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Posted by on Jan 8, 2013 in At TMV | 23 comments

Tarantino’s Dynamite “Django Unchained” and the Critics [Spoiler Alert]

… 75 percent of everyone polled said it isn’t Congress’ or the president’s role to pressure Hollywood to make less-violent movies and TV shows. […] Meanwhile, 68 percent of liberals say the NRA bears more blame than Hollywood, but 74 percent of conservatives blame Hollywood more than gun-ownership advocates. However, 60 percent of all respondents agree that mental illness is the single biggest cause of mass killings. [Hollywood Reporter]

WASHINGTON – Spike Lee is acting like a punk, but he’s got a lot of company stirring up mind numbing hysteria. Blaxploitation just can’t get no respect anymore. And blaming films like “Django Unchained” for violence in American society certainly won’t solve the mental health crisis that is at the heart of massacres like Sandy Hook. Hey, but if it makes the nags on the left and right feel better to pick a convenient target, gang up on Hollywood, which just happens to be the most lucrative and creative American export we’ve got, beyond making war.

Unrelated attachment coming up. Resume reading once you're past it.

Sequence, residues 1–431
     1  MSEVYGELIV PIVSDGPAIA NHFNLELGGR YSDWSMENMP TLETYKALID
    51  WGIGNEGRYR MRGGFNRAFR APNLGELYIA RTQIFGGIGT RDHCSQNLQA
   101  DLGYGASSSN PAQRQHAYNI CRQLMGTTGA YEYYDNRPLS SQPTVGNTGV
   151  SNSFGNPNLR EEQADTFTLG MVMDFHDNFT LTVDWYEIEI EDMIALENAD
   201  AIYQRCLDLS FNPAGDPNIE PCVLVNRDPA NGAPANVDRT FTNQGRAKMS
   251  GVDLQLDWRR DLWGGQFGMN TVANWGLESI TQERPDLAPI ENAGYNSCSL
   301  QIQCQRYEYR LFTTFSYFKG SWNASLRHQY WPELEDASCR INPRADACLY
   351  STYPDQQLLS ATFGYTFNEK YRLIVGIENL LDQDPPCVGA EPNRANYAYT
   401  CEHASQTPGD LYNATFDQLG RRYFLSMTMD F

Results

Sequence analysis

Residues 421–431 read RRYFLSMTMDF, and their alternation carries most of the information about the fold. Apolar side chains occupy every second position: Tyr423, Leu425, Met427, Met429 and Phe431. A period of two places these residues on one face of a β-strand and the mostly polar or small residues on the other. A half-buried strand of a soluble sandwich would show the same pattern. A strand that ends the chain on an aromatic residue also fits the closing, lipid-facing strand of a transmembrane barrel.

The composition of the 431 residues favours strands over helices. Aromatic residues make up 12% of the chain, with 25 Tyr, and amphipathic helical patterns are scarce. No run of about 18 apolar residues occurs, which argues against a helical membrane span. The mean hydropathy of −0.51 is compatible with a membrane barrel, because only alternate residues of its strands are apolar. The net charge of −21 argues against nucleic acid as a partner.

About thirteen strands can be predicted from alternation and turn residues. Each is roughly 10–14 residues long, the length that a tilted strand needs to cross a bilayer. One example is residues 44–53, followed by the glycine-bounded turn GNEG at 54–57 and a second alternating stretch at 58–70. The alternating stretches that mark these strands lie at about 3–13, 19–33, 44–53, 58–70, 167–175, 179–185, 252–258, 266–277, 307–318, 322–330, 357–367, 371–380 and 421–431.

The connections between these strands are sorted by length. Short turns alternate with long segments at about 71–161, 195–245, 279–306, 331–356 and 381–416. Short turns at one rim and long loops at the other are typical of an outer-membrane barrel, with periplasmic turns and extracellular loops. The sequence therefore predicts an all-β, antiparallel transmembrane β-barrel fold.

There’s a reason Quentin Tarantino’s “Django Unchained” is making people flock to see it. Not only is it Tarantino’s best film, but it’s the most eviscerating narrative through filmmaking on Spaghetti Westerns meets Blaxploitation and the U.S. history of slavery ever to be created. Everyone gets what’s coming to him or her, with heroes willing to do anything, including lay down their lives, to do right against pure evil. There’s retribution laced throughout the spectacularly entertaining and gruesomely violent ride, complete with a love story at its heart, all of which John Legend tried to capture in the song he wrote for the film.

“I can’t speak on it ’cause I’m not gonna see it. The only thing I can say is it’s disrespectful to my ancestors, to see that film.” – Spike Lee via Twitter